Sunday, April 17, 2011

No cure

Nobody in this family is big on cleaning, it must be said.  But every so often, we catch the bug.  Maybe it has something to do with spring, at least this time around; usually I vaguely resent spring's arrival because people expect one to get all industrious about sprucing up the place, but when Noel went on a binge this weekend I quite enjoyed his efforts, and even pitched in a little.

The kids are growing older, and their rooms have evolved in fits and starts.  Remnants from their toddlerhood exist haphazardly alongside more recent acquisitions, in their closets, bookshelves and toy cubbies.  After a few hours with them deciding what to toss, give away, and keep, Noel had their rooms looking much less cluttered -- although still not fully updated.  For that, we need some different furnishings and storage options.

I have a modest dream for our room, too.  Years ago when we were first preparing Cady Gray's room, we moved Noel's home office (consisting of a large computer desk) to our bedroom.  Now Noel's home office is the living room when he's watching movies or television, or the front room when he's writing -- wherever his laptop is.  The computer desk in our bedroom is used mostly to store miscellaneous objects and to provide the kids with access to game videos on YouTube.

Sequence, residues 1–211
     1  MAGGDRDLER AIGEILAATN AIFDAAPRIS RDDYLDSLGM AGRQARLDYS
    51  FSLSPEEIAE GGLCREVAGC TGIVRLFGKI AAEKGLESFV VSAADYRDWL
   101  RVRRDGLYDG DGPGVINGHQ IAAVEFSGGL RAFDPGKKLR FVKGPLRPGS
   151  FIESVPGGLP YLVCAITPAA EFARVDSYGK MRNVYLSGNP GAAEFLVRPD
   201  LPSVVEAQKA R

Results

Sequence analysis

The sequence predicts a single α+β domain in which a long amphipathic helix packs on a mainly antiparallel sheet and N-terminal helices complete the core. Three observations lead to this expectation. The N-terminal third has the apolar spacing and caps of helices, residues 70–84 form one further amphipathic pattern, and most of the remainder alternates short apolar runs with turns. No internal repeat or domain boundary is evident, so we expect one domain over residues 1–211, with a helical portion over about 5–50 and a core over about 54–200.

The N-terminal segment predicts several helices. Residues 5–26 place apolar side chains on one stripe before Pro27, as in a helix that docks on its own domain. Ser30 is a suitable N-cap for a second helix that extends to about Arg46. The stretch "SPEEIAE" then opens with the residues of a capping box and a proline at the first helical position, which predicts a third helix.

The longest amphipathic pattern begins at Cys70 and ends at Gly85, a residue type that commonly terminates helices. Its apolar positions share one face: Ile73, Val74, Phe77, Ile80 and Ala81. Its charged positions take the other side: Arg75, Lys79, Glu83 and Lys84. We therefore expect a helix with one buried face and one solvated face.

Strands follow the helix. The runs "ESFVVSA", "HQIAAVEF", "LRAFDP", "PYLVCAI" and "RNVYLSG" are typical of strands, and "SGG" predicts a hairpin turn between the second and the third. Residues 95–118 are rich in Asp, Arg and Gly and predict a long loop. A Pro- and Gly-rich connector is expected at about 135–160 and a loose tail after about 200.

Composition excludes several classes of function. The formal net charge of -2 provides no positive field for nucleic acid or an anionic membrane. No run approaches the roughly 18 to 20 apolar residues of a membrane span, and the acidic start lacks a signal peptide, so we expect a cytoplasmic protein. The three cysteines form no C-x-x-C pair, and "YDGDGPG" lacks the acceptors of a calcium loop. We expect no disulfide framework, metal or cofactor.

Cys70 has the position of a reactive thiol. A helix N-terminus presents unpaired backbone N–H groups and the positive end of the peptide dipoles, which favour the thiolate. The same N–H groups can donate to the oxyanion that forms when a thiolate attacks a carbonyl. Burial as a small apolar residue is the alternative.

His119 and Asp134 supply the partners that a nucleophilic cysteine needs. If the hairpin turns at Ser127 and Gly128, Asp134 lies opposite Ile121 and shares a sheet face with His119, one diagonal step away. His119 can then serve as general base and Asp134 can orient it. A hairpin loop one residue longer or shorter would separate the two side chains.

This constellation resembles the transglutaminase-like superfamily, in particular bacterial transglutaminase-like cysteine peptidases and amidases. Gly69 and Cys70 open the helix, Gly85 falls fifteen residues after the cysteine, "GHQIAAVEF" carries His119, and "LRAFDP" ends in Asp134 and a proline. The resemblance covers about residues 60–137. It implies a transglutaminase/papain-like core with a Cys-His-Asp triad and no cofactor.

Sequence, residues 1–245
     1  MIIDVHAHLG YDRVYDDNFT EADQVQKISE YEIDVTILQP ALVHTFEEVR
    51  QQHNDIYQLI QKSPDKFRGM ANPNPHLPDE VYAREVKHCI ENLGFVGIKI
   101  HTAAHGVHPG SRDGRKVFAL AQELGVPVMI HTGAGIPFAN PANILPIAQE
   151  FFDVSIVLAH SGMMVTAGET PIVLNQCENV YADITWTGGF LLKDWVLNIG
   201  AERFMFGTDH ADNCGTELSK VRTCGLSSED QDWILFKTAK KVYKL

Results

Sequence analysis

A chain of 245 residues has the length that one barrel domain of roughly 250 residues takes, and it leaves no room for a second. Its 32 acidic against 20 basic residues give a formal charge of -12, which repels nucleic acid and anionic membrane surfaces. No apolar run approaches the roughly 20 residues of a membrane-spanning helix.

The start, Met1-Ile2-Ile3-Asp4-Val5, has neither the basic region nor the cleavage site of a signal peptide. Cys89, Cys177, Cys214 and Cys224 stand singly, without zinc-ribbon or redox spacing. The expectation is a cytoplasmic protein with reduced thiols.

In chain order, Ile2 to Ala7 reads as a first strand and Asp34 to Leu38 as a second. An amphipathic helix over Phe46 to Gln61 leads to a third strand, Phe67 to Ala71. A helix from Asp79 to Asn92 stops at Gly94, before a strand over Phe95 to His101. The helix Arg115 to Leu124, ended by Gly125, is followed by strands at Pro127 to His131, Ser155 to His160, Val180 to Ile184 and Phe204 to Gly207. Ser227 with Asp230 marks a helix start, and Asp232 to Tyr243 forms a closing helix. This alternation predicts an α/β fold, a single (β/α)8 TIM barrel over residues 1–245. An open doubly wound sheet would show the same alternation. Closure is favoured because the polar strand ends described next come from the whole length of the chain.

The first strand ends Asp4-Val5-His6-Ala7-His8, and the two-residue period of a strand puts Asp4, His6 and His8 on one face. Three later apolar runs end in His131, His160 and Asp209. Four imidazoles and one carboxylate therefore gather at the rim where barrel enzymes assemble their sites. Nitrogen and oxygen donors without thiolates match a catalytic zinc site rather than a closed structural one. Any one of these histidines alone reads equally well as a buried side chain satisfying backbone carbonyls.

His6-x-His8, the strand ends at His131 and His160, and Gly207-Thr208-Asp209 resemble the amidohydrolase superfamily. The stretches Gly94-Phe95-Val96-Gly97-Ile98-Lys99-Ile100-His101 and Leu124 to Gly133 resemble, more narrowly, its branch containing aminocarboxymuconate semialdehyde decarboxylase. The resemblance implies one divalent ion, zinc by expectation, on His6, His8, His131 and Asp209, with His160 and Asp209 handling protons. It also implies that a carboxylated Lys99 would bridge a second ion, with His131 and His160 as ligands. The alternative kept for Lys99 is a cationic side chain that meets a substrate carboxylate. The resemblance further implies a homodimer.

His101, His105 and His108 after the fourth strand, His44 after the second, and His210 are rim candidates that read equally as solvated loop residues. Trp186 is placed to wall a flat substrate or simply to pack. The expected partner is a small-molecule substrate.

It's about time to give Archer one of our old computers, using a small desk that used to be my home office that we've already moved to his room.  And then we can get rid of the big home office desk, and I can convert that corner of our bedroom to a place for my yarn and sewing supplies.  It's more copious than the notch by the garage where I'm currently keeping everything, and as an added benefit, that nook will open back up for other kinds of storage or activity.

So much needs to be done around here -- curtains, painting, carpets -- but we get seized by one set of projects and ignore the rest.  Good thing, too, because if we started thinking about all the things that are waiting on our attention, we'd never know how to begin.

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